Gary James' fifth column looks at the upcoming all-Manchester FA Cup Final
I’ve been asked to contribute a monthly column focusing on the clubs in the Manchester region. The idea is to discuss each club’s modern day activities while bringing in a bit of historical context. Today’s feature is on the first all-Manchester FA Cup final.
Although we’ve had four FA Cup finals featuring two teams from Greater Manchester (can you name them all? See the end of article for the full list) we have never had one featuring both the Manchester-named League clubs until now. The 2023 FA Cup final will be played between Manchester City and Manchester United on 3 June 2023 at Wembley Stadium.
This is a landmark moment for Manchester and will be watched by a large global television audience. As a one-off showpiece with a major trophy at stake it promises to grab the attention more than most other FA Cup finals have, certainly in recent years. I remember well the hype around the first all-Merseyside FA Cup final in 1986 but I think this time the global attention will be even greater. I hope so.
It should be remembered that with both Manchester clubs already winning the other major domestic trophies this season it means that whichever team is successful Manchester will have won all the major domestic trophies available. This is a phenomenal achievement.
However, the question has to be asked why has it taken so long for us to have our city’s two premier clubs reach the final in the same year? There isn’t one answer to that question but the simplest ‘hot take’ is that it’s extremely rare for the two clubs to have both been at a peak in the same season.
Each club has had significant periods of trophy success but they have both also suffered amazing lows during their history. Typically, when one has been successful the other has floundered in some way. The late 1990s are the most obvious recent example when United found major success, including winning the treble, while a desperate City suffered two relegations before their resurrection. Further back the 1930s saw the roles reversed when City found major League and Cup success attracting record breaking crowds while United spent most of the decade in the second tier with some Old Trafford attendances less than 4,000.
We don’t need to focus on those years too much but it is worth remembering that most football clubs have enjoyed highs and experienced difficult lows. It is extremely unusual for any club to dominate in the way United did in the 90s and 2000s or how City have in recent years.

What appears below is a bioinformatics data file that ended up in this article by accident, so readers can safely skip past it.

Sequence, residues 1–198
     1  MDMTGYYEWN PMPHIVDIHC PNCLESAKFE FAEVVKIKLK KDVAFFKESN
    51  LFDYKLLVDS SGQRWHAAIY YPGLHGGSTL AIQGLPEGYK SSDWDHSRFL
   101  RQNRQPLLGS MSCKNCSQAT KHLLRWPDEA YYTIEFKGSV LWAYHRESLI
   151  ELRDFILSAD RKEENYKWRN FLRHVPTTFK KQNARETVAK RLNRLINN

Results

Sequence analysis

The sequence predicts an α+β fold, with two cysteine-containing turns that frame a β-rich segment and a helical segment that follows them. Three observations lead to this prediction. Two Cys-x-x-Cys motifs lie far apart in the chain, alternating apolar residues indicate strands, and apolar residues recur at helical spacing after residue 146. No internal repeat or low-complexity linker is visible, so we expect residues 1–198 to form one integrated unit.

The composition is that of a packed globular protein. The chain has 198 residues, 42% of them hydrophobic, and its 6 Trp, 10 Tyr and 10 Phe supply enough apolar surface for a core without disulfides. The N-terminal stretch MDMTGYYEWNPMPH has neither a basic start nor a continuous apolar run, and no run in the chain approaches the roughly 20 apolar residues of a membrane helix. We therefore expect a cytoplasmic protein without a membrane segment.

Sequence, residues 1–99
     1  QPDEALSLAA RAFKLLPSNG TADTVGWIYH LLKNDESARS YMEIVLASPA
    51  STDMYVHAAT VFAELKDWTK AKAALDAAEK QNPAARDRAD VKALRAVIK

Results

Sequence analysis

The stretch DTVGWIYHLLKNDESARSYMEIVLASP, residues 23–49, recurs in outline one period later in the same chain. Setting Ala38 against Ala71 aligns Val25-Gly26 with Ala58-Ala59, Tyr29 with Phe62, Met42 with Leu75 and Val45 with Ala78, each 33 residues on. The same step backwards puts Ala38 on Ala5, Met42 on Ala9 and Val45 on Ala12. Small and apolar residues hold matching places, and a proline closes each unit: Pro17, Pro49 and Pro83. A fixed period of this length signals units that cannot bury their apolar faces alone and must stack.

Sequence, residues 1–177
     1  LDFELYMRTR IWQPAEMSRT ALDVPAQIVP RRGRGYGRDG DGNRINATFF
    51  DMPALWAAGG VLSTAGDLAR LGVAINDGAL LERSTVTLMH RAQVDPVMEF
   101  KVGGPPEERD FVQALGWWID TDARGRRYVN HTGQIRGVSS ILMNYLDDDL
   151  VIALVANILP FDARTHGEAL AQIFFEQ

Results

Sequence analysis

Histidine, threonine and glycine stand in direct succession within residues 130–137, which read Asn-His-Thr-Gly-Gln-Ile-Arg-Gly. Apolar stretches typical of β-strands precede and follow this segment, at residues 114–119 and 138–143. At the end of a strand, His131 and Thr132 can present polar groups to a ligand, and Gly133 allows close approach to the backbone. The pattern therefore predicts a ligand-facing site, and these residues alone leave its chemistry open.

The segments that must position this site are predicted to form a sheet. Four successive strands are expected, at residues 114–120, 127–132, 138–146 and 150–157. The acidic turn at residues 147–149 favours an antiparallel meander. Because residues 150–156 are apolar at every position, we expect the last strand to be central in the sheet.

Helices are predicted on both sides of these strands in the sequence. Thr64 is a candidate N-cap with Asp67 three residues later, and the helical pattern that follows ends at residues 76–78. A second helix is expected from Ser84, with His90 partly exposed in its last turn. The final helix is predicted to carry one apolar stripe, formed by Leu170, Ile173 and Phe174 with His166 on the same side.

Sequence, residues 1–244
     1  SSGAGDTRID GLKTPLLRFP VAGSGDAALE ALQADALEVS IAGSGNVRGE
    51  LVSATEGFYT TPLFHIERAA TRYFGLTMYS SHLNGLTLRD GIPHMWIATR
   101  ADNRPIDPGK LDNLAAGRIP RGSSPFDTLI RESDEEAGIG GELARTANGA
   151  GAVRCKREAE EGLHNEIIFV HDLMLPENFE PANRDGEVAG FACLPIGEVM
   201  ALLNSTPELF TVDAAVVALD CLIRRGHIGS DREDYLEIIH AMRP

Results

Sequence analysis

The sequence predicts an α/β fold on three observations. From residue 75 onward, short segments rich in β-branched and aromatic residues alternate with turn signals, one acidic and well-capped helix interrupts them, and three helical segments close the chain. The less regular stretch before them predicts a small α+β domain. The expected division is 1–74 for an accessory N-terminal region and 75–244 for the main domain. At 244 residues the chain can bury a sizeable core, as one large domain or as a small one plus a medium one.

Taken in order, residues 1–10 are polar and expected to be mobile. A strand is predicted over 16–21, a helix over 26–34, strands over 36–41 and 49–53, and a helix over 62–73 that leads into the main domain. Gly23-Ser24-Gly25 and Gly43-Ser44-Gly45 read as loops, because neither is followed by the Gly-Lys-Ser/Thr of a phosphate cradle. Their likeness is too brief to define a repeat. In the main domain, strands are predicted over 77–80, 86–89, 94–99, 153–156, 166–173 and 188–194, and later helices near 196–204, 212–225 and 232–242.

It is worth remembering that there have been major peaks and troughs for both clubs and it is rare for both to be winning trophies at the same time – or indeed both to be struggling at the same time! The last time both clubs were in the second tier together was way back in 1899 when City became the first Manchester side to gain promotion. Since then we have always had at least one top-flight team.
So what about the times when both clubs have found major success in the same season? The first time was in 1956 when United won the League and City the FA Cup. That year some City fans were caught on camera holding up a banner at Wembley celebrating the ‘Manchester Double: United League winners, City FA Cup’. It’s a different time now and I doubt there’ll be any banners at either end in Wembley celebrating the other team’s success.
1955-56 was a great season with City finishing fourth to United too. Both clubs included some legendary players in their squads with United led by Roger Byrne and featuring Duncan Edwards, Eddie Colman, Mark Jones, Tommy Taylor and David Pegg amongst other brilliant stars of the era. City’s team included footballer of the year Bert Trautmann, Don Revie, Roy Clarke, Bobby Johnstone, Joe Hayes and was led by Roy Paul.
Sadly, the Munich air crash in 1958 was to cut short United’s glory period while City’s cup winning team gradually faded and the closest they came to success in the years that followed was a fifth placed finish in 1958.